We prove that gradient descent efficiently converges to the global optimizer of the maximum likelihood objective of an unknown linear time-invariant dynamical system from a sequence of noisy observations generated by the system. Even though objective function is non-convex, we provide polynomial running time and sample complexity bounds under strong but natural assumptions. Linear systems identification has been studied for many decades, yet, to the best of our knowledge, these are the first polynomial guarantees for the problem we consider.

Joint work with Tengyu Ma and Ben Recht.

Afonso Bandiera
New York University

On Phase Transitions for Spiked Random Matrix and Tensor Models

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A central problem of random matrix theory is to understand the eigenvalues of spiked random matrix models, in which a prominent eigenvector (or low rank structure) is planted into a random matrix. These distributions form natural statistical models for principal component analysis (PCA) problems throughout the sciences, where the goal is often to recover or detect the planted low rank structured. In this talk we discuss fundamental limitations of statistical methods to perform these tasks and methods that outperform PCA at it. Emphasis will be given to low rank structures arising in Synchronization problems. Time permitting, analogous results for spiked tensor models will also be discussed.

Joint work with Amelia Perry, Alex Wein, and Ankur Moitra.

Irit Dinur
Weizmann Institute of Science

High dimensional expanders imply agreement tests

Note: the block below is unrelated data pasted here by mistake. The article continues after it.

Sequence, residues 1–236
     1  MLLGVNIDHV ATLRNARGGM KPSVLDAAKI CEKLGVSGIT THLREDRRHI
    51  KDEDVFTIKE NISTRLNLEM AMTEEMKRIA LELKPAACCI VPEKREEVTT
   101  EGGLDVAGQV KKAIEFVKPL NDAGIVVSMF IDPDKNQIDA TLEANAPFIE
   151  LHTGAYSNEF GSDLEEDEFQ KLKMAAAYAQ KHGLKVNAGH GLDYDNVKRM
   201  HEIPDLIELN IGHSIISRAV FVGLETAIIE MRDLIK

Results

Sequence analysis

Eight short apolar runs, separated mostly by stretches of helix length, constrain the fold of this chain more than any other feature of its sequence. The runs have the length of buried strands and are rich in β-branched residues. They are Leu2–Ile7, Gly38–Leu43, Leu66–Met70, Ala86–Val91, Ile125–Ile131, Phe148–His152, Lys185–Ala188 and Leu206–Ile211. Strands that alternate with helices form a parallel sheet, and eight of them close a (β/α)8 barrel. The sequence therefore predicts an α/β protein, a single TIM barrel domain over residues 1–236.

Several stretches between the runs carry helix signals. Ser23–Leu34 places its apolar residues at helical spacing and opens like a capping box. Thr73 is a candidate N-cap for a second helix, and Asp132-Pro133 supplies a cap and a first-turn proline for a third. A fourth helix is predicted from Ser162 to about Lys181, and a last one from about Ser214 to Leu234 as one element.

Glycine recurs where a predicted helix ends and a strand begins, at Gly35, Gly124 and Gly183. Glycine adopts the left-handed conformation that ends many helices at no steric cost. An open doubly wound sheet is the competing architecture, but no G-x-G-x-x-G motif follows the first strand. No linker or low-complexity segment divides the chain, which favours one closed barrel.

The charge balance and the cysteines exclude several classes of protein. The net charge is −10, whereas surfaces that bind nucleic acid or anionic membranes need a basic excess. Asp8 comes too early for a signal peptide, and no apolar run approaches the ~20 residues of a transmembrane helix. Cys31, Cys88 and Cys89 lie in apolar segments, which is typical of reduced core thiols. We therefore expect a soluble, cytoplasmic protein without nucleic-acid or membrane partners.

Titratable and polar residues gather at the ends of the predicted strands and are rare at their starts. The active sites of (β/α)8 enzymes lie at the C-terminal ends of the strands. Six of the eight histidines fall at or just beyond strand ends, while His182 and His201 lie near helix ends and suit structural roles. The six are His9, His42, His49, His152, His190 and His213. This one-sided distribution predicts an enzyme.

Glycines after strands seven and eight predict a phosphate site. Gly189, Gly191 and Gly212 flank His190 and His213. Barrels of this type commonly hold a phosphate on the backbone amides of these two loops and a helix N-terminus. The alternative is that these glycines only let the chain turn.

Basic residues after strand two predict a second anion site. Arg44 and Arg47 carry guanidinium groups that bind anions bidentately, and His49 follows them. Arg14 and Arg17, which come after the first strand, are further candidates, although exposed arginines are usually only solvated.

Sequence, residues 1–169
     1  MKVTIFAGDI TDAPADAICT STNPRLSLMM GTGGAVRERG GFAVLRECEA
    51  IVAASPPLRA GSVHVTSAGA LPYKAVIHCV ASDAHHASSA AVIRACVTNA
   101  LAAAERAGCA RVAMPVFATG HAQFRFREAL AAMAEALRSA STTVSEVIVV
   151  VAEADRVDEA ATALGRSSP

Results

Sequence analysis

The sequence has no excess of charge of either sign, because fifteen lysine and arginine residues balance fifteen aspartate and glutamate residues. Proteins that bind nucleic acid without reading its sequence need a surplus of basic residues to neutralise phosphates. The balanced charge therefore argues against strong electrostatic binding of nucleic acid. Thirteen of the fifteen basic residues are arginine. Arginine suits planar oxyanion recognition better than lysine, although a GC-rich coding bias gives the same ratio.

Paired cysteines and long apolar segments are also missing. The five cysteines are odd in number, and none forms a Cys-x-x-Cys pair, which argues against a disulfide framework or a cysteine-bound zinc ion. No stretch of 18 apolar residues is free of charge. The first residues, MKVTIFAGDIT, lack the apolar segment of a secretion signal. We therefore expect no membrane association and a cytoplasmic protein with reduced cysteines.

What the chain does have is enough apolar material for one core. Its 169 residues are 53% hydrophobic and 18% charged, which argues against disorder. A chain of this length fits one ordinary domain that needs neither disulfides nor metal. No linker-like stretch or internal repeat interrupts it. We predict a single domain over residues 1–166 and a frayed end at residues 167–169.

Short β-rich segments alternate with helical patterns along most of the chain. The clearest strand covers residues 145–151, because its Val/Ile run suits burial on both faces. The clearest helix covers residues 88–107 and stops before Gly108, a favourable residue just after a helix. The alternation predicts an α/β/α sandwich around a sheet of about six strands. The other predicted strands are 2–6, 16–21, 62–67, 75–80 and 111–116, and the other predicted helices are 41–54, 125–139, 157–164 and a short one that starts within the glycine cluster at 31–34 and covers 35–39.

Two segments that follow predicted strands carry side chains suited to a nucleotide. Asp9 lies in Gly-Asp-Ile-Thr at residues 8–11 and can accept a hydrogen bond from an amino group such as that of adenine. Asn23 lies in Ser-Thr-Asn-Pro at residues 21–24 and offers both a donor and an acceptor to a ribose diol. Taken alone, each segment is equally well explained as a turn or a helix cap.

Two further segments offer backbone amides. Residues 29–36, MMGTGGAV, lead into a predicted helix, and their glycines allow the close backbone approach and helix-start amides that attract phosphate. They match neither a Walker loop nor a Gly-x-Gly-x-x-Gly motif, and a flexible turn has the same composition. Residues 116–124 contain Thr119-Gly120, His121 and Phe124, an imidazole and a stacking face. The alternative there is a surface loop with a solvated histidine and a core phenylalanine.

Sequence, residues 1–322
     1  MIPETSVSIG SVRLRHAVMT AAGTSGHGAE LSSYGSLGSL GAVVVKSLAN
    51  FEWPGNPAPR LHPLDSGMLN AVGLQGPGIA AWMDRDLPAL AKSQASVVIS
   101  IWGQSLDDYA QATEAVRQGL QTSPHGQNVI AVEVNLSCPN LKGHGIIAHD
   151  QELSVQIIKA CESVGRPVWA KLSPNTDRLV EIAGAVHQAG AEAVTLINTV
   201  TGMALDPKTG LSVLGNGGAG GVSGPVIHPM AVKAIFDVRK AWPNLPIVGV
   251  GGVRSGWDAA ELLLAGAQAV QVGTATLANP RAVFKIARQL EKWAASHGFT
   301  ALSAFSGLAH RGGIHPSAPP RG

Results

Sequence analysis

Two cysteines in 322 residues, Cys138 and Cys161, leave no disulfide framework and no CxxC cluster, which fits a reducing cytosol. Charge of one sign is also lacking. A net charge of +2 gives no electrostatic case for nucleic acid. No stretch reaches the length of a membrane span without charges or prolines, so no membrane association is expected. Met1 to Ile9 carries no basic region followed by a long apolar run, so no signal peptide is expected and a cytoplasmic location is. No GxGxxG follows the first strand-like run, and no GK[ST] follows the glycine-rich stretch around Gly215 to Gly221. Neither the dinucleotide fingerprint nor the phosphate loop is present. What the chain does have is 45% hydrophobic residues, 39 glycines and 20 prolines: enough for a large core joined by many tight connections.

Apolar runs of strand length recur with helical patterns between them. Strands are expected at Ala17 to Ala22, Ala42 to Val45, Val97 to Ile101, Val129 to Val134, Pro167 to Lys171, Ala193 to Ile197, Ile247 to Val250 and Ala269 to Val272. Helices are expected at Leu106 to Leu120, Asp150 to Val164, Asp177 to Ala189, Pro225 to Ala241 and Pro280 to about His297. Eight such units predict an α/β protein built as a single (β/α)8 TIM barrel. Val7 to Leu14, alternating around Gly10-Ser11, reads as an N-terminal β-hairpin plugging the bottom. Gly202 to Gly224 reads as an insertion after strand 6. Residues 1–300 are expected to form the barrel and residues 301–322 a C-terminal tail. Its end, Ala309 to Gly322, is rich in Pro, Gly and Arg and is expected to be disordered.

I will describe the notion of agreement testing, which allows to deduce global structure from local agreement checks. In retrospect, agreement testing theorems are a key combinatorial component in nearly all PCPs.

Recently, we have discovered a connection between agreement tests and high dimensional expanders. Namely, every high dimensional expander gives rise to an agreement theorem. I will describe (some properties of) the fascinating bounded degree high dimensional expanders that were constructed by Lubotzky, Samuels, and Vishne. Since these objects are sparse, they imply a strong derandomization of direct product and direct sum testing.

Based on joint work with Tali Kaufman.

Alex Andoni
Columbia University

The Geometry of Similarity Search

How does one efficiently search for similar items in a large dataset, say, of images? This is a classic algorithmic task that arises when dealing with massive datasets. Its applications span many areas, including information retrieval, machine learning, data mining, computer vision, signal processing, bioinformatics, etc. For example, this task underlies the classic ‘nearest neighbor’ classification rule in machine learning. The natural solution for similarity search — to scan the entire dataset, comparing a given item to each item in the dataset — is prohibitively slow for modern datasets.

Andoni will describe how efficient solutions for similarity search benefit from the tools and perspectives of high-dimensional geometry. The latter emerged as the natural language of similarity search: e.g., a 20 x 20 pixel image naturally corresponds to a 400-dimensional vector, one coordinate per pixel. Andoni will show how geometric tools such as dimension reduction and randomized space partitions enable efficient similarity search algorithms.